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Author Topic: Sears turned into a Real Estate company?  (Read 1337 times)
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Zayre88
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« on: October 09, 2011, 08:15:50 AM »

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SEPTEMBER 27, 2011, 2:02 PM ET
Sears Jumps; Is Eddie Lampert Turning It Into a Real Estate Company?

By Avi Salzman

Sears Holdings (SHLD ) is the top performer in the S&P 500 today, jumping nearly 12% in midday trading. The stock appears to be riding high on evidence that the company is getting more interested in profiting off its real estate.

Last week, the Wall Street Journal published a story  about how Sears is marketing its retail locations to other retailers. Almost 4,000 locations — nearly all of the company’s Sears and Kmart stores — are available to lease on the company’s website. Sears announced last week that it has signed deals with two other companies to rent hundreds of thousands of square feet. The company’s real estate website  now lists leasing opportunities at 3,768 locations.

Investors have speculated for years that top Sears shareholder Eddie Lampert would essentially turn the company into a real estate business, leasing space and attempting to spin-off brands or sell them at other retailers.

http://blogs.barrons.com/stockstowatchtoday/2011/09/27/sears-jumps-is-eddie-lampert-turning-it-into-a-real-estate-company/?mod=google_news_blog

http://seekingalpha.com/article/296062-is-sears-holdings-finally-turning-into-a-reit
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retailisking
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« Reply #1 on: October 09, 2011, 06:39:15 PM »

SHLD was ALWAYS a real estate play; Lampert knew going in that the stores themselves were beyond saving.  The idea was to strip mine the intellectual property (Craftsman, Kenmore, Lands' End) and flip the real estate at a big profit.  The only problem was, Lampert's game plan was derailed by the recession.  Now he's got a new game plan that is basically the same one as before modified by necessity by a persistent downturn in the economy.  But business has deteriorated so much at Sears and Kmart that it's questionable how much lease income Lampert can derive from this scheme.  And besides, what up-and-coming retailer would want to be associated with dowdy anachronisms like Kmart and Sears?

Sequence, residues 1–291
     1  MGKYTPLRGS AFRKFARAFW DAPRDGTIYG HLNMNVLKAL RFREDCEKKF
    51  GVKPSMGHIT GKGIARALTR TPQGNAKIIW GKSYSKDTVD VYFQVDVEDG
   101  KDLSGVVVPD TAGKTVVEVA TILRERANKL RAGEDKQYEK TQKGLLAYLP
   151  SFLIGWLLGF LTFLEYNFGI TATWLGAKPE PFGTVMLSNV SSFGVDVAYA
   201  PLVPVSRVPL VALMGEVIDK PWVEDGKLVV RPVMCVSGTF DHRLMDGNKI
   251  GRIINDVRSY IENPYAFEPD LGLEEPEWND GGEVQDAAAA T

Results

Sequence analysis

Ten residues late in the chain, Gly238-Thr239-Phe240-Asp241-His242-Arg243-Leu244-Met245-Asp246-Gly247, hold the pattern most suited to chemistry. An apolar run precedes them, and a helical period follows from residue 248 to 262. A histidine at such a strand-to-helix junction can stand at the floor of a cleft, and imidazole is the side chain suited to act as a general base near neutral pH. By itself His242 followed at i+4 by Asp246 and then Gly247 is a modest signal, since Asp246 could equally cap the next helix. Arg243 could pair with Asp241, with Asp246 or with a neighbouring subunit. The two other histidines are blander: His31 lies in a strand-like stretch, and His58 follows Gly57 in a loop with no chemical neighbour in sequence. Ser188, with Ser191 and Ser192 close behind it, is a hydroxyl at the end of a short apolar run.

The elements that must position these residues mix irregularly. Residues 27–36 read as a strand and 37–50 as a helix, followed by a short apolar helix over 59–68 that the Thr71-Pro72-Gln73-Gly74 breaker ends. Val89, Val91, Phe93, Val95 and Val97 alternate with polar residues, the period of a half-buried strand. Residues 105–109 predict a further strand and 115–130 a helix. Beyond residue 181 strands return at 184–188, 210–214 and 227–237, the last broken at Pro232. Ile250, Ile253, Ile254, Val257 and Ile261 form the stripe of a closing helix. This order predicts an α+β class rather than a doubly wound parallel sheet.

« Last Edit: October 09, 2011, 06:41:13 PM by retailisking » Logged
Zayre88
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« Reply #2 on: October 09, 2011, 07:52:38 PM »

SHLD was ALWAYS a real estate play; Lampert knew going in that the stores themselves were beyond saving.  The idea was to strip mine the intellectual property (Craftsman, Kenmore, Lands' End) and flip the real estate at a big profit.  The only problem was, Lampert's game plan was derailed by the recession.  Now he's got a new game plan that is basically the same one as before modified by necessity by a persistent downturn in the economy.  But business has deteriorated so much at Sears and Kmart that it's questionable how much lease income Lampert can derive from this scheme.  And besides, what up-and-coming retailer would want to be associated with dowdy anachronisms like Kmart and Sears?

I totally agree!  Some Kmart and Sears locations have some value, but in this economy his plans won't be as profitable as originally planned.  It's not like retailers want to spend and expand when the economy is in the current state. 

Sears stores are in malls and many of them are declining.  Many Kmart stores are in old buildings or at older shopping centers and/or in areas that used to be prime retail spots but are not anymore.  All of these stores have various sizes, are in good or bad shape, are in good or bad malls...  It will not be easy to sell/lease them.
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ShopKoFan
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« Reply #3 on: November 03, 2011, 07:28:38 PM »

It just makes me wonder what they'll do with the Sears at the Mall of America when it becomecomes vacant. It is one of four anchor tenants at the Mall of America, the largest shopping mall in the U.S., the other three are Macy's, Bloomingdales, and Nordstrom. Since the mall is located in a suburb of Minneapolis, Minnesota, I don't see a problem with replacing it. There could be the possibility of replacing it with a Target store (since Target is based out of Minneapolis). As for Kmart, there's only one store left in Green Bay next to Lambeau Field on Lombardi Avenue, which will be facing the wrecking ball in three years, once the Packers organization buys the land (they already bought the land around it).
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